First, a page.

UK: International rights group slams secret justice ahead of debate on controversial bill

Monday, October 15, 2012
Amnesty International has heavily criticized the UK government’s plans for a 
substantial extension of the use of secret evidence in the justice system.
Photo © Steve Calcott
London: In its published report, Amnesty International Monday criticised the United Kingdom government’s plans for a substantial extension of the use of secret evidence in the justice system

The proposals would allow the government to rely on secret evidence in civil cases, including cases of alleged government responsibility for human rights violations such as torture and enforced disappearance. 

The measures, contained in the Justice and Security Bill due to be debated in the House of Lords in the coming weeks, would allow the government to use so-called “closed material procedures” to prevent individuals and their lawyers from seeing documents even when they show the involvement of UK officials in wrongdoing, no matter how grave.

If such disclosures are deemed to harm “national security”, then the material can be withheld, potentially indefinitely, even if there is an overwhelming public interest in disclosure.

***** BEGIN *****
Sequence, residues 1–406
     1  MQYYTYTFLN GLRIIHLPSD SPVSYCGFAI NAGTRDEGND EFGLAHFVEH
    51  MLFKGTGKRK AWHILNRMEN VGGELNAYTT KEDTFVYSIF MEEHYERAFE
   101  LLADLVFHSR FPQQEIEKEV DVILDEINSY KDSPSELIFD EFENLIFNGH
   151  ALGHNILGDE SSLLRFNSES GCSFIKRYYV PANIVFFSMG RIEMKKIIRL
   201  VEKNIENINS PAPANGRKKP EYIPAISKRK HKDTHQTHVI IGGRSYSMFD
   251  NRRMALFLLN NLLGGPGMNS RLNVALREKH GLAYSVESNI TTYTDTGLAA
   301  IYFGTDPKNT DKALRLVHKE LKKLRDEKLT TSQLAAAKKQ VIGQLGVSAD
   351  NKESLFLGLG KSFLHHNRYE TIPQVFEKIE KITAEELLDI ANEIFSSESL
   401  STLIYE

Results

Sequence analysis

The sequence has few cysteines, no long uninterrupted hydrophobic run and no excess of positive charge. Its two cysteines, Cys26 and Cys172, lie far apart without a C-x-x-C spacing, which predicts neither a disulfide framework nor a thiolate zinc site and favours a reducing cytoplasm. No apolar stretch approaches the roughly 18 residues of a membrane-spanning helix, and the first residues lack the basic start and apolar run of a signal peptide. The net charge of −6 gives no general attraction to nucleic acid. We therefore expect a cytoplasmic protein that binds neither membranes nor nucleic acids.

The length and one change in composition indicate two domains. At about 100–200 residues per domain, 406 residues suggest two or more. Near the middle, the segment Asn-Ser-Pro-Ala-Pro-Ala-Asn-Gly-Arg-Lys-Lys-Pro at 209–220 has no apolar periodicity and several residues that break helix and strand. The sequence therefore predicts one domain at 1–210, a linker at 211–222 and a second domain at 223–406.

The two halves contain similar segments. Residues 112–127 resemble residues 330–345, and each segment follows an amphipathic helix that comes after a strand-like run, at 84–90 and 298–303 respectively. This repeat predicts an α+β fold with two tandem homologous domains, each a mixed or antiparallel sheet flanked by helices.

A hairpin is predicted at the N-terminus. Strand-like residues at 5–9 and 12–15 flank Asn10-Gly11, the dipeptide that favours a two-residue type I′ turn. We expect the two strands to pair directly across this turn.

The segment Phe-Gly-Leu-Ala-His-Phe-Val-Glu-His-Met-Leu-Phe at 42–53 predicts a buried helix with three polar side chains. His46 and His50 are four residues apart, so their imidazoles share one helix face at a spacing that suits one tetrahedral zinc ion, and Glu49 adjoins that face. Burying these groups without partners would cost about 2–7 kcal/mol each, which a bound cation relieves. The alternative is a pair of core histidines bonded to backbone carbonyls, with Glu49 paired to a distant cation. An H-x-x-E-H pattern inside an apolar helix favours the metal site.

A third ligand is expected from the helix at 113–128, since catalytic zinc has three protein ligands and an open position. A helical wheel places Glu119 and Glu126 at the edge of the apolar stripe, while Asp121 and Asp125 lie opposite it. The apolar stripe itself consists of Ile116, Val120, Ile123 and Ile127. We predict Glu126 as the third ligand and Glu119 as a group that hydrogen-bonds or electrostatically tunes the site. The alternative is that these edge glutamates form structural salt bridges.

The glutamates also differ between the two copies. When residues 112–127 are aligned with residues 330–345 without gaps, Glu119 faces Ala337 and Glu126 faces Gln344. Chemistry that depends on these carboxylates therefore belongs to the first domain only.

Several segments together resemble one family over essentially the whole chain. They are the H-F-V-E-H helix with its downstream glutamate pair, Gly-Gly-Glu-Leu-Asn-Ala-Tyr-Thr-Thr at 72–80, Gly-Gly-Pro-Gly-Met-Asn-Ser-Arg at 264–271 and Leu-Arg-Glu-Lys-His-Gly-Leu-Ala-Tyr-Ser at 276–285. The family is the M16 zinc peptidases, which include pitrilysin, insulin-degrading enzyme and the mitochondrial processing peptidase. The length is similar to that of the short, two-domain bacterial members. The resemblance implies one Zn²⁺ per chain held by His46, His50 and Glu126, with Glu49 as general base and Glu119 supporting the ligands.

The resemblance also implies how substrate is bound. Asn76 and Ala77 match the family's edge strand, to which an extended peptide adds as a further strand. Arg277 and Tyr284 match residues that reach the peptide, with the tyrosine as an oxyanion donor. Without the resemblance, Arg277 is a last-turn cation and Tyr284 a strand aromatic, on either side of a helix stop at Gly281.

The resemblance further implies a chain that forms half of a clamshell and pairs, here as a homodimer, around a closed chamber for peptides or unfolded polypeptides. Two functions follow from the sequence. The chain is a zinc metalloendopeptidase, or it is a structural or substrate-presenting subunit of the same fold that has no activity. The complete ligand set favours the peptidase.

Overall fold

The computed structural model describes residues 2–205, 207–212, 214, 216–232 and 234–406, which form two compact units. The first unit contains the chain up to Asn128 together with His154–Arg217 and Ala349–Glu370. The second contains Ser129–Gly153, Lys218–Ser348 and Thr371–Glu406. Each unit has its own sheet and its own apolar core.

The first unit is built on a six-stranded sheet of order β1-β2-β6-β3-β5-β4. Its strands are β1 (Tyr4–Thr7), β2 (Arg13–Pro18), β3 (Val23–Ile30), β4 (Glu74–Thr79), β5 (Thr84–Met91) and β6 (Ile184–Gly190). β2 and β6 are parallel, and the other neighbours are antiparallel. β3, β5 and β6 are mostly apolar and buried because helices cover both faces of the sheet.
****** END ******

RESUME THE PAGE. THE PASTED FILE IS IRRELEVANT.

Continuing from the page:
The government can already rely on secret evidence in at least 21 different contexts - including in appeals against the imposition of highly restrictive Terrorist Prevention and Investigation Measures (the successor to “control orders”), and national security deportation proceedings. 

Amnesty International's 50-page report, Left In The Dark: the use of secret evidence in the United Kingdom, is highly critical of the unprecedented growth in the use of secret justice measures in the UK in the last decade, seeing it as a “radical departure” from the basic requirements of fairness in civil and criminal cases. 

The report includes critical testimony from some 25 barristers and solicitors who have acted in such cases, and three “special advocates” who are allowed to see secret evidence but not allowed to discuss it with the person affected. 

The government’s efforts to gain agreement over controversial measures in the Justice and Security Bill come after - among other things - a recent civil action for damages brought by a number of individuals who alleged that the UK had been involved in their rendition, unlawful detention and mistreatment, including while at Guantánamo Bay. 

Whilst Amnesty International recognizes that governments can lawfully restrict disclosure of information in some circumstances, the organisation believes that the government’s broad proposals are inconsistent with its international human rights obligations. The proposed measures also depart from traditional standards of fairness and open justice, and would allow the government to avoid proper scrutiny of its human rights record.
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